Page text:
As hundreds packed themselves into Bass Street Landing in downtown Moline, IL, on a warm June afternoon, Alan Daniels was readying himself for yet another performance. The routine is a familiar one for the Rock Island native turned drag queen.
Cinched in a yellow bejeweled gown with a Vegas-style feathered headpiece, Daniels emerged on stage as Anjila Cavalier and performed a lip-sync to Crystal Waters’ hit song “100% Pure Love.”
Known for elegant costumes and stunning live vocals, Anjila makes the stage her home. Her performance history ranges from Florida to southern Illinois, the Quad Cities, Mason City, Ia., and Omaha, Neb. Sunday evening, Daniels will perform onstage as himself at Metropolitan Community Church of the Quad Cities in Davenport. The 5 p.m. performance, at 2930 W. Locust St., will feature Daniels’ take on Christian music, through vocals and piano.
Among her accolades: Miss Gay Kentucky USofA Classic in 2020, Miss Rainbow 411 Continental Elite in 2018, and Miss Mardi Gras in 2015.
“Anjila is an absolute standout performer,” said Mason City Pride lead organizer Meg Markos. “Her stage presence and command of crowd are phenomenal. She was one of the most talked about performers of the whole night.”
A performer since birth, Daniels always knew he belonged in the spotlight. Dressed in drag? Well, that’s a different story.
“I embarked on this journey 35 years ago because of a dare, actually,” Daniels said. “I was at a talent show at (the former) JR’s Nightclub in Rock Island, just sitting there being hyper-critical. Someone next to me had a friend in the show and they didn’t like what I was saying, so they challenged me to do the next show the following month.”
Daniels had never done drag before. He relied on his experience as a former singing waiter at Circa 21 and his time in the costume department there. A mere month later, he was lip syncing to Janet Jackson’s “Control.”
“I ended up winning the contest,” Daniels recalled. “That’s when I figured there might be a future for me as a drag performer.”
Rock Island native “always a musical child”
Daniels was raised in Rock Island and spent most of his childhood living with his grandmother, Helen. He was always a musical child, singing from an early age and learning how to play piano. But it was his grandmother’s taste in music that became the foundation for Daniels’ own interest in performing.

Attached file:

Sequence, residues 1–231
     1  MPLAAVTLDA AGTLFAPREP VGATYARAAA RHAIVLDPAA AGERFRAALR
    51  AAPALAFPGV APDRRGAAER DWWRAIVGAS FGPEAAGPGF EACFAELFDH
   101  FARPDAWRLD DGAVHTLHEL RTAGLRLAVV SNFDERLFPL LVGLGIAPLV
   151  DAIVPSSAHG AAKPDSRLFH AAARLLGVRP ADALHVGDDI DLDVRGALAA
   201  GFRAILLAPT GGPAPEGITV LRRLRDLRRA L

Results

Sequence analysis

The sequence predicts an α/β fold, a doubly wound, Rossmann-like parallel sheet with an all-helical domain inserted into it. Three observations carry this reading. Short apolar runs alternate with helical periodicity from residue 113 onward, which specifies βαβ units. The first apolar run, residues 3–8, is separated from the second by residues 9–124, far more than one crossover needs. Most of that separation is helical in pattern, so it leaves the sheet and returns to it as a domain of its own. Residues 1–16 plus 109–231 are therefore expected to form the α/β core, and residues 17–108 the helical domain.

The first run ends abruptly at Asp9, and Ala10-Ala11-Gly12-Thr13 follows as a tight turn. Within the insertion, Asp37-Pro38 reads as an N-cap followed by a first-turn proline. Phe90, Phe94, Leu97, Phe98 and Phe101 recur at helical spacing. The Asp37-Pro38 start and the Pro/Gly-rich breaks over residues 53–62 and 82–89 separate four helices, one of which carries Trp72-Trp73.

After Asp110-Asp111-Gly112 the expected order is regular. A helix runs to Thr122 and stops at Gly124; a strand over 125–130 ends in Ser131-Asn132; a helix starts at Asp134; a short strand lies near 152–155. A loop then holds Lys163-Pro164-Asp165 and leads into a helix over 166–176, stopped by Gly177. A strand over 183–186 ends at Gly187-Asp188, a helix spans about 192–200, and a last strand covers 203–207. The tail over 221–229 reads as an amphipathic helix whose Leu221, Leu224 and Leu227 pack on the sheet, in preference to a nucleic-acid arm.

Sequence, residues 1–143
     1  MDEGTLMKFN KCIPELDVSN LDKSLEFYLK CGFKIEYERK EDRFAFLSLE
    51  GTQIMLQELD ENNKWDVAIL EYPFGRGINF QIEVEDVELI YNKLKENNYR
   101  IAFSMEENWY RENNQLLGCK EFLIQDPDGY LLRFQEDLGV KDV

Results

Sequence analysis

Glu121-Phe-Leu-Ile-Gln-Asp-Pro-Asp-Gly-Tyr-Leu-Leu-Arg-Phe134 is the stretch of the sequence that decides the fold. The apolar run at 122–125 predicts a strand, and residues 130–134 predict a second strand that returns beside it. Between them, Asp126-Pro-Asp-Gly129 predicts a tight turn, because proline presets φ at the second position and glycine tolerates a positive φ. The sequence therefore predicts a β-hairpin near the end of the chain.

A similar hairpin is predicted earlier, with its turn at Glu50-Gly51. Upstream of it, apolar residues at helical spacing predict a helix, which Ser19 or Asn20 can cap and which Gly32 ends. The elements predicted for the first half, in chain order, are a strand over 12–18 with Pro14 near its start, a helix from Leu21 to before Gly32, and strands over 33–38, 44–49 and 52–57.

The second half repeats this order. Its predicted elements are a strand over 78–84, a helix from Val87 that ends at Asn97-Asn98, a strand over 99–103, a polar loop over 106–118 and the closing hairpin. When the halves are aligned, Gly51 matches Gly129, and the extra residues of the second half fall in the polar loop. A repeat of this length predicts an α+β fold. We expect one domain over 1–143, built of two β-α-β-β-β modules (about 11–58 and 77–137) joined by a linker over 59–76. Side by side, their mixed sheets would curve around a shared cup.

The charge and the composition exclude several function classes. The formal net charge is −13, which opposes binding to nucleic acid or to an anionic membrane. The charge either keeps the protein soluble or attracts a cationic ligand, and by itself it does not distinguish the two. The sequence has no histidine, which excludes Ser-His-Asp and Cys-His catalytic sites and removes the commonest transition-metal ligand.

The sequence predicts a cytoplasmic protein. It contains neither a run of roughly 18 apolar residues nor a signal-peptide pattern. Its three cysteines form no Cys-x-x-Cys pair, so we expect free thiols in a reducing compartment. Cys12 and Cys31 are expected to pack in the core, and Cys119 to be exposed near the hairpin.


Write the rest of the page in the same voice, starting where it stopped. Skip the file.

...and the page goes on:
“Because of my grandmother, I grew up with all the classics like Carol Burnett, Sonny & Cher, Barbara Mandrell… anything that had to do with music on TV, I was watching.”
Yet Helen’s influence went beyond her grandson’s taste in music. Daniels also credits his grandmother for his ability to sew.
“My grandmother was a seamstress, so every day after school I would go to her sewing shop,” he said. “I know how to make all of my costumes because of her.”
Even the Anjila Cavalier character is inspired by his grandmother.
“A lot of my aesthetic as far as what a classy woman should dress as comes from my grandmother. That’s why Anjila is so well put together,” he said.
Besides his grandmother’s influence, Daniels says his time in the military also helped inspire his artistry. At just 17, he enlisted to serve in the Army for four years and the National Guard for three years.
He initially worked as a cook but later auditioned for the Army band. Daniels would spend the next few years touring, visiting such places as Tel Aviv and Santorini. “It was an incredible experience,” Daniels said.
Daniels known to put “kindness first”
“You can read his dedication when he performs,” said longtime friend and fellow drag performer Joe Brooks of Daniels.
Brooks first met Daniels over 40 years ago at Olivet Baptist Church in Rock Island. The two quickly became friends and have performed together several times in drag.
“You can see the work that he puts into his performance. And I’m not just talking about the lip syncing and the dance,” says Brooks. “I’m talking about the details, you know, about what he does. And people can see that. It just shines through.”
Daniels is always happy to lend a helping hand, adds Broosk, especially to younger queens who are new to performing.
“In this business, you get a lot of shade, but Alan isn’t that guy. If he sees a queen that’s trying, he will help them become who they want to be. He has several drag children, and he takes good care of them,” Brooks said.
For Daniels, helping other queens is the right thing to do—especially in a world of drag that is always changing and evolving.
“Back in my day, we worked together as sisters. We didn’t try to step on each other’s necks,” Daniels says. “So if I see somebody struggling, I want to help. I don’t like seeing people being mistreated or bullied.”
Tribute to grandmother’s influence includes love of cooking
Outside of drag, Daniels enjoys cooking and considers it another passion in life.
“Everybody in our family cooks and cooks well,” he said. “As early as five years old, I was cooking with my grandma. By eight, I was cooking meals. My grandma would sometimes come home late, and I already had dinner made.”
To this day Daniels still cooks for his grandmother. Helen, who is now 95, lives in an apartment directly beneath her grandson.
“My grandmother is my biggest cheerleader,” he said. “I take care of her. We’ve all got eyes on her.”
As for the future, Daniels plans to fill it with his passions while staying true to himself as a performer.
“We’re all just here to have a good time and live the life we got to live,” he said. “I’m just trying to live my life like everybody else. I will always pride myself on my truth and on being me.”